Prognostic Value of Thrombus Volume and Interaction With First-Line Endovascular Treatment Device Choice

Henk Van Voorst*, Agnetha A.E. Bruggeman, the MR CLEAN investigators, Jurr Andriessen, Jan W. Hoving, Praneeta R. Konduri, Wenjin Yang, Manon Kappelhof, Nerea Arrarte Terreros, Yvo B.W.E.M. Roos, Wim H. Van Zwam, Aad Van Der Lugt, Anouk Van Der Hoorn, Jelis Boiten, Stefan Roosendaal, Sjoerd Jenniskens

*Corresponding author for this work

Research output: Contribution to journalArticleAcademicpeer-review

2 Citations (Scopus)

Abstract

Background: A larger thrombus in patients with acute ischemic stroke might result in more complex endovascular treatment procedures, resulting in poorer patient outcomes. Current evidence on thrombus volume and length related to procedural and functional outcomes remains contradicting. This study aimed to assess the prognostic value of thrombus volume and thrombus length and whether this relationship differs between first-line stent retrievers and aspiration devices for endovascular treatment. Methods: In this multicenter retrospective cohort study, 670 of 3279 patients from the MR CLEAN Registry (Multicenter Randomized Clinical Trial of Endovascular Treatment for Acute Ischemic Stroke in the Netherlands) for endovascularly treated large vessel occlusions were included. Thrombus volume (0.1 mL) and length (0.1 mm) based on manual segmentations and measurements were related to reperfusion grade (expanded Treatment in Cerebral Infarction score) after endovascular treatment, the number of retrieval attempts, symptomatic intracranial hemorrhage, and a shift for functional outcome at 90 days measured with the reverted ordinal modified Rankin Scale (odds ratio >1 implies a favorable outcome). Univariable and multivariable linear and logistic regression were used to report common odds ratios (cORs)/adjusted cOR and regression coefficients (B/aB) with 95% CIs. Furthermore, a multiplicative interaction term was used to analyze the relationship between first-line device choice, stent retrievers versus aspiration device, thrombus volume, and outcomes. Results: Thrombus volume was associated with functional outcome (adjusted cOR, 0.83 [95% CI, 0.71-0.97]) and number of retrieval attempts (aB, 0.16 [95% CI, 0.16-0.28]) but not with the other outcome measures. Thrombus length was only associated with functional independence (adjusted cOR, 0.45 [95% CI, 0.24-0.85]). Patients with more voluminous thrombi had worse functional outcomes if endovascular treatment was based on first-line stent retrievers (interaction cOR, 0.67 [95% CI, 0.50-0.89]; P=0.005; adjusted cOR, 0.74 [95% CI, 0.55-1.0]; P=0.04). Conclusions: In this study, patients with a more voluminous thrombus required more endovascular thrombus retrieval attempts and had a worse functional outcome. Patients with a lengthier thrombus were less likely to achieve functional independence at 90 days. For more voluminous thrombi, first-line stent retrieval compared with first-line aspiration might be associated with worse functional outcome.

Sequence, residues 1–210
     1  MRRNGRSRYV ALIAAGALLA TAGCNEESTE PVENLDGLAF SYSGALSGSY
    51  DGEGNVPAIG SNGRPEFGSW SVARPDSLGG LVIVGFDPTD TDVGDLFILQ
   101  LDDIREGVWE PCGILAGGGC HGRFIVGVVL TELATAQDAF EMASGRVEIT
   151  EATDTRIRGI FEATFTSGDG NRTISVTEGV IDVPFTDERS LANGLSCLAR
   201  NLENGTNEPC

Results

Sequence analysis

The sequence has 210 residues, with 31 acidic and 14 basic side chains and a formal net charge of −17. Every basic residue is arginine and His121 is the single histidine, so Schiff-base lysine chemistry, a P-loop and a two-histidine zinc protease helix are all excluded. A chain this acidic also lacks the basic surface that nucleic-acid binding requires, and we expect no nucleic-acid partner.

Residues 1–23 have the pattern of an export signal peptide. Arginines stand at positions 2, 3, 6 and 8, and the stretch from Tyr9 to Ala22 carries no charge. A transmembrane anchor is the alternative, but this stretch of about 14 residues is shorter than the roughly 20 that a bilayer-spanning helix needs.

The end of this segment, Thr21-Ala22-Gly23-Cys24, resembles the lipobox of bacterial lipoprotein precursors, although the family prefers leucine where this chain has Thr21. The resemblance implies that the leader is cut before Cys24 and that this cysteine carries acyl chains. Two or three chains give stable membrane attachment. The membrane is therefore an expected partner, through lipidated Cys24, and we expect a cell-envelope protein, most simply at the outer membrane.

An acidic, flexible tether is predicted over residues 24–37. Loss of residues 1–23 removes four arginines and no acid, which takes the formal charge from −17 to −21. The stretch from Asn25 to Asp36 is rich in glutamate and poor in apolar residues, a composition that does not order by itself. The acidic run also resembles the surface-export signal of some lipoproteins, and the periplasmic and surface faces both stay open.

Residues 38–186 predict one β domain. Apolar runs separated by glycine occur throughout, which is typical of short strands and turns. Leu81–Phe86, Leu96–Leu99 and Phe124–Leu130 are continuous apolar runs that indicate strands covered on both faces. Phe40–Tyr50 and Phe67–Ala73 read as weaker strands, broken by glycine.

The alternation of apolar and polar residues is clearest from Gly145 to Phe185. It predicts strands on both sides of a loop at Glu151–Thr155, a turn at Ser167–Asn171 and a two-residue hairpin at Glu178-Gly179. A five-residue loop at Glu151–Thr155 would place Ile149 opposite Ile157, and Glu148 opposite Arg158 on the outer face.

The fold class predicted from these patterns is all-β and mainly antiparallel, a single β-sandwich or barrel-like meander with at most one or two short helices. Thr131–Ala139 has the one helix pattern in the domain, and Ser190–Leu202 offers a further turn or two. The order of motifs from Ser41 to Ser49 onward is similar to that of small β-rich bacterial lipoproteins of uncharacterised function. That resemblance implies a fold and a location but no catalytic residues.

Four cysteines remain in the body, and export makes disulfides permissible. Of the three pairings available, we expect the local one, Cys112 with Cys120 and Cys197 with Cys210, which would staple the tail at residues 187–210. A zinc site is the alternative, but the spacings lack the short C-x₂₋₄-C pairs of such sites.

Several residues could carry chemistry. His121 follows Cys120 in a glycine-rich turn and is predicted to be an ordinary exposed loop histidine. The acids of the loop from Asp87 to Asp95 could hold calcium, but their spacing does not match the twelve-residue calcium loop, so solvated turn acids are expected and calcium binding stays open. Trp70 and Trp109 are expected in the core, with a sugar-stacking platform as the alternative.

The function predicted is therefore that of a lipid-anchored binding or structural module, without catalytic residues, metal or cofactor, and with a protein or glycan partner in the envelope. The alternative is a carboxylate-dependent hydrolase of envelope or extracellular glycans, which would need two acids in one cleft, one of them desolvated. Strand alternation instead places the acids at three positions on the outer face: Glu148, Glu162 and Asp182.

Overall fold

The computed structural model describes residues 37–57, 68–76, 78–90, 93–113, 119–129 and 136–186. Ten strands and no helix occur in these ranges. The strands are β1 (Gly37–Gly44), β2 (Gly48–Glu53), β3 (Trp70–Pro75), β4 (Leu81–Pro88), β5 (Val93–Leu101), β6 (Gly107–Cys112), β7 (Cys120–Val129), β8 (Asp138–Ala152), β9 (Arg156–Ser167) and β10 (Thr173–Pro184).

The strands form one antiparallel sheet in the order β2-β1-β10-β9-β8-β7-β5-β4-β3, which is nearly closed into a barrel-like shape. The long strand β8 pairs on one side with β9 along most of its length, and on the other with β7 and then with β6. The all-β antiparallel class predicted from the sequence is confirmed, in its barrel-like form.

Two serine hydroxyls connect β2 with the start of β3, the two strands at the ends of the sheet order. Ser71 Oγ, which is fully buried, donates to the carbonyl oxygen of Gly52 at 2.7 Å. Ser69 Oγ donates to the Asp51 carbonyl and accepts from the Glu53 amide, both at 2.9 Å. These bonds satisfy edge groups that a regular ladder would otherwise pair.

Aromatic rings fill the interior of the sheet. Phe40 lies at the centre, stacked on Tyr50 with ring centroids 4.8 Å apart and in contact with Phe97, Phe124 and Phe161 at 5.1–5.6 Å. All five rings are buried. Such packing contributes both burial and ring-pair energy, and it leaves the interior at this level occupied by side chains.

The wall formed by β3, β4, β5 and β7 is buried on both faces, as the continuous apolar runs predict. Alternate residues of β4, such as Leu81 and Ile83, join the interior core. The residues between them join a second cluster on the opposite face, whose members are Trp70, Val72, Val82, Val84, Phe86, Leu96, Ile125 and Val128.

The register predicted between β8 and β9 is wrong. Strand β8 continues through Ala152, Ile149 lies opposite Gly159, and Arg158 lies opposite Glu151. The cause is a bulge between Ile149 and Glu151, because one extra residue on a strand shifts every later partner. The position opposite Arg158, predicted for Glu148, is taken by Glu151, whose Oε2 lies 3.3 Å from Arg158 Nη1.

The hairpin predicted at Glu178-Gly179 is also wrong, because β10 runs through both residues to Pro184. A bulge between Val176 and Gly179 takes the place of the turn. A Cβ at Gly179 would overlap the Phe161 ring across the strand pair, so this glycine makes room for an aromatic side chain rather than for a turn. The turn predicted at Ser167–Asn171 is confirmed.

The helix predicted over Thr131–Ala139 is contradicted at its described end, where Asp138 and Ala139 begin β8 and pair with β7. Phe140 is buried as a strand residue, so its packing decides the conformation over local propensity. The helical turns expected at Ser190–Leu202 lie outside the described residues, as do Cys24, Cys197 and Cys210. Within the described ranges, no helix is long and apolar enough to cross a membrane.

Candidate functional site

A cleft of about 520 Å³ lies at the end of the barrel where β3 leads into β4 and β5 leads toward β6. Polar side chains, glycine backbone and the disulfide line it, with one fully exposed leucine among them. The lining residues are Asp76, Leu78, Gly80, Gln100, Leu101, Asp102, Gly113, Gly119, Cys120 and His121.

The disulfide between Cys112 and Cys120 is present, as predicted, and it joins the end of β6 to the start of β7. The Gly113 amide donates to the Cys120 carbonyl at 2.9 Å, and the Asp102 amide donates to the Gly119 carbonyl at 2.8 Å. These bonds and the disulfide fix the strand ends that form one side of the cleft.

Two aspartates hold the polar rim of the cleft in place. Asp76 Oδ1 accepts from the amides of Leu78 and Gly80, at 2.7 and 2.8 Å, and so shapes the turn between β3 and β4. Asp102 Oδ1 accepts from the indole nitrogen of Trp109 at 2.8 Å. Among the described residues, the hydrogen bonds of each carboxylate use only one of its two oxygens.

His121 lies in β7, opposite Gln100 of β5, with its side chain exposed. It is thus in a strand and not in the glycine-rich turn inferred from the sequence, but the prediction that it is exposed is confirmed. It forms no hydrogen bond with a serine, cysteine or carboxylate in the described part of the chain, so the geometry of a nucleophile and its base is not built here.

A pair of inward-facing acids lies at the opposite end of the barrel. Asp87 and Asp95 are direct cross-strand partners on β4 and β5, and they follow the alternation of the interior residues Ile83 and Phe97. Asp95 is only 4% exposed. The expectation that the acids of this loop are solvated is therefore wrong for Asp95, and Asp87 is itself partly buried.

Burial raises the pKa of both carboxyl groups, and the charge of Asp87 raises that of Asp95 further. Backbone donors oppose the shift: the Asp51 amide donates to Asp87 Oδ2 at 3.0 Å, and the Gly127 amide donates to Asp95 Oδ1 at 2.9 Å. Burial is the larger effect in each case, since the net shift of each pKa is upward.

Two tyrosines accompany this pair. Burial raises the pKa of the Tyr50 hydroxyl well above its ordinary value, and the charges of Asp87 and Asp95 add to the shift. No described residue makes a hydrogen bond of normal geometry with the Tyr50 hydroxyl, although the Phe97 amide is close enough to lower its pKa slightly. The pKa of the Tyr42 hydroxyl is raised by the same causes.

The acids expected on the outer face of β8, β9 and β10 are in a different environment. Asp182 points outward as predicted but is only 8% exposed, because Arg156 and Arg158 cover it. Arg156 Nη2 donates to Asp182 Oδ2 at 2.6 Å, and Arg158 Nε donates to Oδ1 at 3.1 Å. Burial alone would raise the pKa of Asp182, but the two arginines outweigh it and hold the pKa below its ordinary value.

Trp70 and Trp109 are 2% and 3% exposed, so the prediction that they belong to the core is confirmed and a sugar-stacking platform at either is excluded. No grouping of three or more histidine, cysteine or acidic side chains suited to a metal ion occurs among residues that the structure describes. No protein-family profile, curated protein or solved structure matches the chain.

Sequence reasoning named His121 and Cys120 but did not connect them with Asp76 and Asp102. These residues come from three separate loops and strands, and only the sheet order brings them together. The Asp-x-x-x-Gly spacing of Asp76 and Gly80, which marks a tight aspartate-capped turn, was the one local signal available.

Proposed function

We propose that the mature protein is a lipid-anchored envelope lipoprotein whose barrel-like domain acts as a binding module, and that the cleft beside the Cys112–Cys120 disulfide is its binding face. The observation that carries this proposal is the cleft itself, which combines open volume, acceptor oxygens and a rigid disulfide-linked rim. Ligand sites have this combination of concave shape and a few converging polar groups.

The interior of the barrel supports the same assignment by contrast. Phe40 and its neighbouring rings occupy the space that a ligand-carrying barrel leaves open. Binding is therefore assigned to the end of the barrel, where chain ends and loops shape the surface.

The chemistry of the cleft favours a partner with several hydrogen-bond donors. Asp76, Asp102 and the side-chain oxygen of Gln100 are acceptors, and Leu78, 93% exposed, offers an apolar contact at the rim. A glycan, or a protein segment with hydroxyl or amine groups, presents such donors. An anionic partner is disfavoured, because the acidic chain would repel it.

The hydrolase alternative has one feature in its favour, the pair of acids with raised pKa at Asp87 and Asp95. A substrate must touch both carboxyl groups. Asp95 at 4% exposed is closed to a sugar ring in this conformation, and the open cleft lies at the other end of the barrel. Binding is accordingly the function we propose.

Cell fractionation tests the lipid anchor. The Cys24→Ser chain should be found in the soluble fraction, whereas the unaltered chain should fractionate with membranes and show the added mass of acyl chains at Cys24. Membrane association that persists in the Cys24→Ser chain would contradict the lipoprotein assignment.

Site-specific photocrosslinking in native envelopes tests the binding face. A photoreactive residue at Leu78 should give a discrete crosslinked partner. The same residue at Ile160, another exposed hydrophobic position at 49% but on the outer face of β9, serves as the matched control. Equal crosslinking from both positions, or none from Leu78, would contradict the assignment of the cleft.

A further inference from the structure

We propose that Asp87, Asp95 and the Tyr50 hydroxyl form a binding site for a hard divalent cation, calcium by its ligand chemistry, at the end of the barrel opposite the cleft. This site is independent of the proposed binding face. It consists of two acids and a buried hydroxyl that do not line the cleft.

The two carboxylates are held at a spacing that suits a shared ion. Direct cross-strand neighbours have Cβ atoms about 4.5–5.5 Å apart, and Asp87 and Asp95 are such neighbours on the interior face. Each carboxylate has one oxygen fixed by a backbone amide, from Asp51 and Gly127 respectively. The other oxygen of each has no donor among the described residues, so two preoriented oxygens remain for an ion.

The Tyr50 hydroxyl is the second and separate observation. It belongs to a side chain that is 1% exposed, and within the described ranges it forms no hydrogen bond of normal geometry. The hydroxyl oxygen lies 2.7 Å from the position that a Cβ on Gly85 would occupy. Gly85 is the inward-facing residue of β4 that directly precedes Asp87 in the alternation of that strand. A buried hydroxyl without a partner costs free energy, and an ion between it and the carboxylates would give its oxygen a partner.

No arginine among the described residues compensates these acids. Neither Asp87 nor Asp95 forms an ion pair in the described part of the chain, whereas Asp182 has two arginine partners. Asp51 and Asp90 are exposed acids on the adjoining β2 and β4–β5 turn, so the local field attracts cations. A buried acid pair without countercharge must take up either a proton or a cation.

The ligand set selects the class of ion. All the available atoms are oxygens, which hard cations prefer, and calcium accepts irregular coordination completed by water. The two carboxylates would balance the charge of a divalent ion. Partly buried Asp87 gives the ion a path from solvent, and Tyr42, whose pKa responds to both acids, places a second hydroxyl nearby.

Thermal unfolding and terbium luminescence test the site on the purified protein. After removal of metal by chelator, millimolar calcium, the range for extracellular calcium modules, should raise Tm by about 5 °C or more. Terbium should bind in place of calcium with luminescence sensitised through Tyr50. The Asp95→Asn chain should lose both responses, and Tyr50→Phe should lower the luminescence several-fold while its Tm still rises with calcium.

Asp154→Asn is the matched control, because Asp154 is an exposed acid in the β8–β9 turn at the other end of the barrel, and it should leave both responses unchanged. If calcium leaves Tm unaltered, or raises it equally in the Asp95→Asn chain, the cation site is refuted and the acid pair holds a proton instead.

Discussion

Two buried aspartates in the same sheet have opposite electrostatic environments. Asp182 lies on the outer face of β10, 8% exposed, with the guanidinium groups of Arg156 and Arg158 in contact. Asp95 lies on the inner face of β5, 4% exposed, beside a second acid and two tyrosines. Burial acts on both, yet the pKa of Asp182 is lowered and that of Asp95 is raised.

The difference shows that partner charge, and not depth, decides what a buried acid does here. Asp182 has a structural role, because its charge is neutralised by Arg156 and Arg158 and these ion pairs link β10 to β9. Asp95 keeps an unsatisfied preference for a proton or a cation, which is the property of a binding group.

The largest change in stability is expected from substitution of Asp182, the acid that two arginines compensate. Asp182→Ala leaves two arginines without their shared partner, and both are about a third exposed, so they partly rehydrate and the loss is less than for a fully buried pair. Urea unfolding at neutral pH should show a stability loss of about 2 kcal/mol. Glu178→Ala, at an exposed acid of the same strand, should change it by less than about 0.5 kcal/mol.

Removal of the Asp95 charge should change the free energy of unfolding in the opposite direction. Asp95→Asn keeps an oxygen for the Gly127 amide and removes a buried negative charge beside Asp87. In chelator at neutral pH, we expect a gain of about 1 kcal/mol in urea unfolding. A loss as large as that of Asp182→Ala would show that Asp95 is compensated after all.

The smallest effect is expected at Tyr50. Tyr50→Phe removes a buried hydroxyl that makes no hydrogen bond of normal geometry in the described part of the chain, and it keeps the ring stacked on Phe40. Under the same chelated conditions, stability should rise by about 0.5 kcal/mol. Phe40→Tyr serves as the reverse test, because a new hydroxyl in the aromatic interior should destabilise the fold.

Original languageEnglish
Pages (from-to)1056-1065
Number of pages10
JournalStroke
Volume54
Issue number4
DOIs
Publication statusPublished - Apr 2023

Bibliographical note

Funding Information:
Dr van der Lugt received funding from the Dutch Heart Foundation, Brain Foundation Netherlands, the Netherlands Organization for Health Research and Development, and Health~Holland (Topsector Life Sciences & Health) and unrestricted grants from Penumbra, Inc, Stryker, Medtronic, Thrombolytic Science, and Cerenovus for research, all paid to the institution. Consultation fees were received by Dr van der Lugt from Stryker and Bracco Imaging. Amsterdam UMC received a grant from Stryker for research led by Drs Majoie and Roos. DR Majoie, Roos, Emmer, Caan, and Marquering are shareholders of Nico.lab. Maastricht University MC received funds from Philips and Stryker for consultations and for an international grant/contract by Johnson and Johnson by Dr van Zwam.

Funding Information:
This study was partly funded by the CONTRAST consortium. The CONTRAST consortium is supported by the Netherlands Cardiovascular Research Initiative (CVON), an initiative of the Dutch Heart Foundation, the Brain Foundation Netherlands, Medtronic, and Cerenovus. The MR CLEAN Registry was partly funded by the TWIN Foundation and by Erasmus MC University Medical Center, Maastricht University Medical Center, and Amsterdam UMC.

Publisher Copyright:
© 2023 Lippincott Williams and Wilkins. All rights reserved.

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